Scottish Publishers Unite Against Data Protection Bill Press Curbs
Scottish publishers have spoken out against draconian press curbs tagged onto the Data Protection Bill by the House of Lords at a packed Scottish Newspaper Society parliamentary reception for MPs last week.
The audience heard from speakers including Bill Laidlaw, proprietor of independent publisher DNG Media, who spoke powerfully about the challenges facing local news media and warning of the dire effects for local journalism if the curbs were brought into force.
The event also heard from outgoing Media Scotland managing director Allan Rennie about the threat to publications large and small from the increasing burden of regulation threatened by new data protection restrictions and the sponsor of the event MP for Edinburgh East Tommy Sheppard.
Summarising the event in a piece for Behind Local News, SNS director John McLellan said: “Speaking up for small independent publishers, the proprietor of the Dumfries News group, Bill Laidlaw, told of the loss of classified advertising, of public notices and of political advertising which was making the job of covering the Annan community in the pages of the Annandale Observer increasingly difficult to sustain, even without further legislation.
“The conversations in the room were inevitably dominated by the implications of the Data Protection Bill amendments now going through the final Commons stages before enactment in May, which threaten to introduce punitive costs and damages for data protection breaches by news publishers.
“In a Scottish context this flies in the face of a basic principle of Scots Law, which does not permit punitive damages. Data protection is a UK-wide statute and so anything which compromises the independence of the Scottish legal jurisdiction is unlikely to be supported by the SNP.”
Publishers, journalists and campaigning groups have spoken out against proposals for a Leveson 2-style inquiry into data protection issues in the media, and punitive costs sanctions targetting newspaper publishers.
Last month, the Data Protection Bill Committee narrowly voted to remove from the Bill the clauses relating to the Section 40-style costs sanctions and a major enquiry into data protection issues in the media, but the Labour Party immediately pledged to reintroduce them at a later stage in the Bill’s passage.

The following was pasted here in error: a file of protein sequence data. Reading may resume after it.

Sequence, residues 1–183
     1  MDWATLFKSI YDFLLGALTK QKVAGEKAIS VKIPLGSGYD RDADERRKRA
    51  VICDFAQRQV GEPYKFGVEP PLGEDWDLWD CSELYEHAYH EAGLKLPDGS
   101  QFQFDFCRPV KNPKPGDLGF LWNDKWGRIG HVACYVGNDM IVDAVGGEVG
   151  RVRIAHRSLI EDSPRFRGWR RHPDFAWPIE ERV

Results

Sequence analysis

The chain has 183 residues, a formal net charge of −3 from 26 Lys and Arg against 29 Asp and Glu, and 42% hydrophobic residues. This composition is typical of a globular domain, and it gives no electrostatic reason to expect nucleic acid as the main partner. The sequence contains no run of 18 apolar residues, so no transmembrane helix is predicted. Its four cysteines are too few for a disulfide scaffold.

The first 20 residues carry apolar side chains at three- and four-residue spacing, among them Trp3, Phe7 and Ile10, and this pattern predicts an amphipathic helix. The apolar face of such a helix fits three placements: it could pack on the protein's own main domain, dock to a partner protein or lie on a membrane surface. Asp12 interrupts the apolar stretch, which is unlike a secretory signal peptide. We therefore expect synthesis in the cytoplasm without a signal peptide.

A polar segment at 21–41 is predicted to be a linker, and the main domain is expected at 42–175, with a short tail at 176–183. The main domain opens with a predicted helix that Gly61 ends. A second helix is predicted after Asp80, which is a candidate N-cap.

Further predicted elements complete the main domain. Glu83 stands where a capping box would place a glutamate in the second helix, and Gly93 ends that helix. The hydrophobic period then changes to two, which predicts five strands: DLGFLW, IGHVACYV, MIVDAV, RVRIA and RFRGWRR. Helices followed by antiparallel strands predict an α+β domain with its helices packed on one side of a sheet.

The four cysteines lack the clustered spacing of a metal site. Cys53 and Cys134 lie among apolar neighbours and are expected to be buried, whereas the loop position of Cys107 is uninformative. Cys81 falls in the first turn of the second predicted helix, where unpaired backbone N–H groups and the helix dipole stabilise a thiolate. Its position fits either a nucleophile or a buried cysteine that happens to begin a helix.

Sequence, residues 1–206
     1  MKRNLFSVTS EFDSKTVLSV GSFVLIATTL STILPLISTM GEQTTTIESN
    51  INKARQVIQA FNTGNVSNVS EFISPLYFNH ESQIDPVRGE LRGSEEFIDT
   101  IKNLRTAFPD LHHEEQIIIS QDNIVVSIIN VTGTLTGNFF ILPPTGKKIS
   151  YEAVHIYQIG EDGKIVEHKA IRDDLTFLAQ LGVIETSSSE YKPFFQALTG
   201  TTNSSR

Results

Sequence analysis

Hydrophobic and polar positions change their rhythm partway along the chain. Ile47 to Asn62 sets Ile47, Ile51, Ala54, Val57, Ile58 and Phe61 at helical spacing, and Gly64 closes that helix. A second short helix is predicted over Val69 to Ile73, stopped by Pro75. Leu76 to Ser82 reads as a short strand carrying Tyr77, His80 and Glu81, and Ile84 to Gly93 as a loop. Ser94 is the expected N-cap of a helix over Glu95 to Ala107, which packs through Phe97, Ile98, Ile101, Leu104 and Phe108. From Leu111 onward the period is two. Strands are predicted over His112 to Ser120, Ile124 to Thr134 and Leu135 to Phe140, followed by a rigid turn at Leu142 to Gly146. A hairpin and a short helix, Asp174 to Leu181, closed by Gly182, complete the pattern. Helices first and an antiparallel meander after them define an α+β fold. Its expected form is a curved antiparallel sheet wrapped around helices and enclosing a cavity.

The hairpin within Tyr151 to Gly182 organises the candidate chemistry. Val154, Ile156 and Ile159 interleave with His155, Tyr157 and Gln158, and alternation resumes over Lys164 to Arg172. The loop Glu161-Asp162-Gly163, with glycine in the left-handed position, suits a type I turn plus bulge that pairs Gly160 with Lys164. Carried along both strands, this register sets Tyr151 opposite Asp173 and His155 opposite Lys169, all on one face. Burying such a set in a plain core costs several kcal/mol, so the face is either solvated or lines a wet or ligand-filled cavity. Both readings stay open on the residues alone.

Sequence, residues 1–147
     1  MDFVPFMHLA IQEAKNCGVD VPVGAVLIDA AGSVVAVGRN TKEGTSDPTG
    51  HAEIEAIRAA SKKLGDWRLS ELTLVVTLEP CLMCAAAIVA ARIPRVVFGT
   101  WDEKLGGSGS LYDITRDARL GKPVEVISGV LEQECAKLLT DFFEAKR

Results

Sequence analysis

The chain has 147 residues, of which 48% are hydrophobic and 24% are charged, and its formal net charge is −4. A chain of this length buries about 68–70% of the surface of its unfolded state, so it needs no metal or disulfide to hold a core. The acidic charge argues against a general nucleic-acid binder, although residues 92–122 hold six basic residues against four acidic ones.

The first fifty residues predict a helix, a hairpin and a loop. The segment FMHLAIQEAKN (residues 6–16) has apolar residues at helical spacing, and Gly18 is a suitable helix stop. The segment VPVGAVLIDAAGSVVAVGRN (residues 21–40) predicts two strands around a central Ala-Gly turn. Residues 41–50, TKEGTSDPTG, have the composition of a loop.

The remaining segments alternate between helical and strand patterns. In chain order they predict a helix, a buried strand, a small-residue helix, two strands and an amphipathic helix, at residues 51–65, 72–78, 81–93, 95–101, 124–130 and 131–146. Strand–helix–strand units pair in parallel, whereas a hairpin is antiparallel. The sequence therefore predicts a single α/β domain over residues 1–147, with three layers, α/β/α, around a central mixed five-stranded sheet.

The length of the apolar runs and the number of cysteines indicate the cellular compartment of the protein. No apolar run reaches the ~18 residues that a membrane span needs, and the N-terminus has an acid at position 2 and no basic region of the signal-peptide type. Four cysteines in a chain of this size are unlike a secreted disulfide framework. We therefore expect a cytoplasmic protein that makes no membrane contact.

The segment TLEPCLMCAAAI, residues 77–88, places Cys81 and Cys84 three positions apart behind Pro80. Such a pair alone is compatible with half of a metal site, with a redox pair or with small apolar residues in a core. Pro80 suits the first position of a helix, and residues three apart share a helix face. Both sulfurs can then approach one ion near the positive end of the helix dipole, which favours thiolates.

In his submission to the Committee Patrick Daly, chairman of the Newspaper Conference, said conducting a Leveson 2-style inquiry into data protection issues in the media would be “to look for cobwebs while Rome burns in front of our eyes.”
In its submission, Foot Anstey LLP said the Section 40-style amendment would be “contrary to the public interest” and would “likely be extremely damaging both to the UK news industry, and to the ability of our fellow citizens to access national and local news and information.”
Global Witness said: “The threat of costs consequences, even in a legal case where the publisher is successful, would have a highly undesirable impact on non-profit and civil society organisations that adhere to extremely high standards in their investigations into corruption and inequality, but do not have the resources to risk the uncertain prospect of litigation.”
In a joint submission, Index on Censorship, English PEN, Reporters Without Borders warned: “Clauses 168 and 169 of the Data Protection Bill effectively reintroduce the now defunct section 40 via another route because they would force all those news organisations who choose not to join a state backed regulator to pay the costs of data protection actions, even if the claim is unjustified.
“Faced with the threat of crippling costs even if the courts found in their favour, news outlets might shy away from important public interest investigations.”